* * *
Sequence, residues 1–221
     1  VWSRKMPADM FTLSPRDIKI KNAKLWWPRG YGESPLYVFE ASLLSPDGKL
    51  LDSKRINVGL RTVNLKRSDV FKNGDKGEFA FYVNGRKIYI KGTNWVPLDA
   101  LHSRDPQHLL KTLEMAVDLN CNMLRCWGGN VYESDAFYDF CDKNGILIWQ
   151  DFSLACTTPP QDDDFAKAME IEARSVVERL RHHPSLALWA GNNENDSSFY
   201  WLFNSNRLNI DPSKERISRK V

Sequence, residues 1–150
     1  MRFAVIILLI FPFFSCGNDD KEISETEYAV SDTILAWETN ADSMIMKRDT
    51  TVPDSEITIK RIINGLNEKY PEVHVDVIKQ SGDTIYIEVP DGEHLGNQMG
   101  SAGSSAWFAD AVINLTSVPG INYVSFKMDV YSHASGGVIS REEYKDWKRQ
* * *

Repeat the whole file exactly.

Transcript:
Sequence, residues 1–221
     1  VWSRKMPADM FTLSPRDIKI KNAKLWWPRG YGESPLYVFE ASLLSPDGKL
    51  LDSKRINVGL RTVNLKRSDV FKNGDKGEFA FYVNGRKIYI KGTNWVPLDA
   101  LHSRDPQHLL KTLEMAVDLN CNMLRCWGGN VYESDAFYDF CDKNGILIWQ
   151  DFSLACTTPP QDDDFAKAME IEARSVVERL RHHPSLALWA GNNENDSSFY
   201  WLFNSNRLNI DPSKERISRK V

Sequence, residues 1–150
     1  MRFAVIILLI FPFFSCGNDD KEISETEYAV SDTILAWETN ADSMIMKRDT
    51  TVPDSEITIK RIINGLNEKY PEVHVDVIKQ SGDTIYIEVP DGEHLGNQMG
   101  SAGSSAWFAD AVINLTSVPG INYVSFKMDV YSHASGGVIS REEYKDWKRQ